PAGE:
Think about it for an instant, although short contracts have a time limit on them to be fulfilled, even with gold rising and just regularly topping up the holding with cash as each fill order becomes due, when the market dives you are sat on a gold transaction at the top of the market that is paid for, and all you need to do is wait for the bottom. All around you are crying into their prepaid envelope addressed to a gold hoarding company – leaving you laughing all the way to the bank.

Don’t get me wrong, says  Mindenhall, – gold shorting (or any kind of shorting for that matter) is not for the faint-hearted, nor the shallow-pocketed. People that short gold or stocks can be likened to those that beat unicorns with sacks full of broken rainbows, often seen as the destroyers of markets. The point is that individuals and companies out there with significant wealth will be doing exactly that and what do you think they will do with the profit? You guessed it, back to the old investment workhorse that is property.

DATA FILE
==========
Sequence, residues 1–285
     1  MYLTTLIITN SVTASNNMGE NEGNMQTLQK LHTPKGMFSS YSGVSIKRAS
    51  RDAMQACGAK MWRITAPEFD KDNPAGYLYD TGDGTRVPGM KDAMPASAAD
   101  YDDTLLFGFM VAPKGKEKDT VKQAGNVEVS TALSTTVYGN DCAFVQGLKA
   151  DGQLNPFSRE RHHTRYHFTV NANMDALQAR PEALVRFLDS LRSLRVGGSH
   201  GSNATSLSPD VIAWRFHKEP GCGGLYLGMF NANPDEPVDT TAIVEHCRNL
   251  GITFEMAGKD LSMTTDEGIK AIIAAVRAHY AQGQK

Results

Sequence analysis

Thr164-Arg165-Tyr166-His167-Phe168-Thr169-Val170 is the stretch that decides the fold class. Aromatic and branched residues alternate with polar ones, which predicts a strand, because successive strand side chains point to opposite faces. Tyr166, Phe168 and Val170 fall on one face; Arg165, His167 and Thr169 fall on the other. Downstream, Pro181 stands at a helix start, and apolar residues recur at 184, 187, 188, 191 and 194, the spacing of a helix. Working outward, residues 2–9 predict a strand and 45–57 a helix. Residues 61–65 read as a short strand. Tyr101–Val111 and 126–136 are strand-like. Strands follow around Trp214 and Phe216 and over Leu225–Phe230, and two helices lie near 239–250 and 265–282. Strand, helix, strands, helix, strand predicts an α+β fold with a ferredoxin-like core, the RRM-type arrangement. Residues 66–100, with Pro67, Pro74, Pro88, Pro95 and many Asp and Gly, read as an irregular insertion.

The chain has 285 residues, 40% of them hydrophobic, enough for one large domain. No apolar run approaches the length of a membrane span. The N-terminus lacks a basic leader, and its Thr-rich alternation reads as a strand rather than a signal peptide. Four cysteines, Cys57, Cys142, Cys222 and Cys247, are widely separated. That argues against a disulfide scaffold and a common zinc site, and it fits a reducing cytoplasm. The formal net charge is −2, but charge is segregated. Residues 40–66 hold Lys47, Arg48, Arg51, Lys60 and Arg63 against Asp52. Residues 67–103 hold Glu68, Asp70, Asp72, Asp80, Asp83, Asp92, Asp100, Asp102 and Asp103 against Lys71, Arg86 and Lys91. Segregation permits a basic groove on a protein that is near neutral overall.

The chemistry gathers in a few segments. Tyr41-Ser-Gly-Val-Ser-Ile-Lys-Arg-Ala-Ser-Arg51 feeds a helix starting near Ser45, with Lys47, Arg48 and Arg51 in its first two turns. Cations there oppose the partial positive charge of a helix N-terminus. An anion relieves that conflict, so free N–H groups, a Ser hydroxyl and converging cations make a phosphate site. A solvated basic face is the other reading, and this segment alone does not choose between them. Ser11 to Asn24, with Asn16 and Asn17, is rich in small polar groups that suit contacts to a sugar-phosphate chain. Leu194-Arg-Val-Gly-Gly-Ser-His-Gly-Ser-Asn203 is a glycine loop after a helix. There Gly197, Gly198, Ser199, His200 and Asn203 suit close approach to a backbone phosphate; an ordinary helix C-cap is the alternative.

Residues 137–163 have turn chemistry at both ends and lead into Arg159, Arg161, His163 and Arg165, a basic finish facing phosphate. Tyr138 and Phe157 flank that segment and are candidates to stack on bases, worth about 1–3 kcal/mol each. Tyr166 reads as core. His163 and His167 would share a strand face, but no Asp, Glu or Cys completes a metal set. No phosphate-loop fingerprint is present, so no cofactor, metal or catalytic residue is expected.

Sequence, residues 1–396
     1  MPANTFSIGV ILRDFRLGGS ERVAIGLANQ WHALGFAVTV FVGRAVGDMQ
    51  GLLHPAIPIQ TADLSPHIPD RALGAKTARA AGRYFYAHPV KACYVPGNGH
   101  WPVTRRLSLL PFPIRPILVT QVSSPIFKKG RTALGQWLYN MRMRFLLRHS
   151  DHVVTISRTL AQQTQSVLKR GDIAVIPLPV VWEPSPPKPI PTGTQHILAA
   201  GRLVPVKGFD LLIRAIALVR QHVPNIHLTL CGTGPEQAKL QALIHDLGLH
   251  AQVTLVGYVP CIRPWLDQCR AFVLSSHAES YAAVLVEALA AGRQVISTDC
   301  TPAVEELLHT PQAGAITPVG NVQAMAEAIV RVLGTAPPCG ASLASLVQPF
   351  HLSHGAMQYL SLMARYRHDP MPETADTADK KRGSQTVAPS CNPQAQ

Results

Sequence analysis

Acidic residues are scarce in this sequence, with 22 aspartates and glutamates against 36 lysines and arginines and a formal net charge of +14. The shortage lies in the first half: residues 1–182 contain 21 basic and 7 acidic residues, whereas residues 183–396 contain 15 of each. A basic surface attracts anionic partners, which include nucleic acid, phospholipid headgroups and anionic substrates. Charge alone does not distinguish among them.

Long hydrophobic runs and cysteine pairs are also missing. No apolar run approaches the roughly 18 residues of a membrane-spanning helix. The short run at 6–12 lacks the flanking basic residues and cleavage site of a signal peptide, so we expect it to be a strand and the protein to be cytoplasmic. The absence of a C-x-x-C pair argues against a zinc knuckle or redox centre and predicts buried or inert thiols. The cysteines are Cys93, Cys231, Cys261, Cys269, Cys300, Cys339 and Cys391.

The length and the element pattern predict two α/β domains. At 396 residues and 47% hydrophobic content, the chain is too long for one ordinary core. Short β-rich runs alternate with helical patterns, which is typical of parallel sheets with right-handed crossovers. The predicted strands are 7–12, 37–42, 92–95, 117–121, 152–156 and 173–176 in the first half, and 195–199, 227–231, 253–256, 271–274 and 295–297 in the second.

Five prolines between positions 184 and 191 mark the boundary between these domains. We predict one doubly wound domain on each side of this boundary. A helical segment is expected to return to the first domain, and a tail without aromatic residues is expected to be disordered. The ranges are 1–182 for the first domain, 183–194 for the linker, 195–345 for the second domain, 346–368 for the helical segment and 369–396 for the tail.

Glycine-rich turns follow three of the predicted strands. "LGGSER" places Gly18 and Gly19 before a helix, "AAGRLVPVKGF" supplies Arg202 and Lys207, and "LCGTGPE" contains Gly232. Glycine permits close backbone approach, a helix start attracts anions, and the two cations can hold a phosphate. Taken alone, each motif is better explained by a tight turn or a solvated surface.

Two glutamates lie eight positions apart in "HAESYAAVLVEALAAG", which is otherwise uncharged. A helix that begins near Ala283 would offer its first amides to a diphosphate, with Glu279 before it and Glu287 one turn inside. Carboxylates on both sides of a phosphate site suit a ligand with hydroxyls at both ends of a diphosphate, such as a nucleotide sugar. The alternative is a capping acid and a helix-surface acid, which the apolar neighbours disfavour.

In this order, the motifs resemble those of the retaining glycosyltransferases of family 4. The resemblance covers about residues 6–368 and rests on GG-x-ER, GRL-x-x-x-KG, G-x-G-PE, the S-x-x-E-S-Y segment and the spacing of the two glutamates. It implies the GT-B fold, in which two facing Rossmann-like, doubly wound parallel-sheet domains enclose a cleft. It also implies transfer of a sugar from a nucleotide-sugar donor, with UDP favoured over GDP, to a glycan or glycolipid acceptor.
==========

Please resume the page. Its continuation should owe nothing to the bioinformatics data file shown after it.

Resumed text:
Another financial journalist, Felix Salmon, qualifies Arvedlund’s article as a “bad housing advice of the day”.

“Being “financially smart” is not the same as investing in whichever asset gives you the highest return over some given time horizon. If that were the case, then everybody should just go out and start selling lottery tickets without any downside protection. The fact is that nothing is a good or a bad investment in and of itself: you always have to look at it in the context of the specific risk profile of the investor in question. And if the investor is someone scraping together a down-payment on a house, then it’s trivially true that using some or all of the down-payment money to buy gold at $1,350 per ounce is downright bonkers”.

Think twice before making a decision what to buy. Don’t let the so-called “advisers” cheat you.

Advertisements

One Response

  1. Thanks for the citation!

Leave a Reply

Fill in your details below or click an icon to log in:

WordPress.com Logo

You are commenting using your WordPress.com account. Log Out / Change )

Twitter picture

You are commenting using your Twitter account. Log Out / Change )

Facebook photo

You are commenting using your Facebook account. Log Out / Change )

Google+ photo

You are commenting using your Google+ account. Log Out / Change )

Connecting to %s

%d bloggers like this: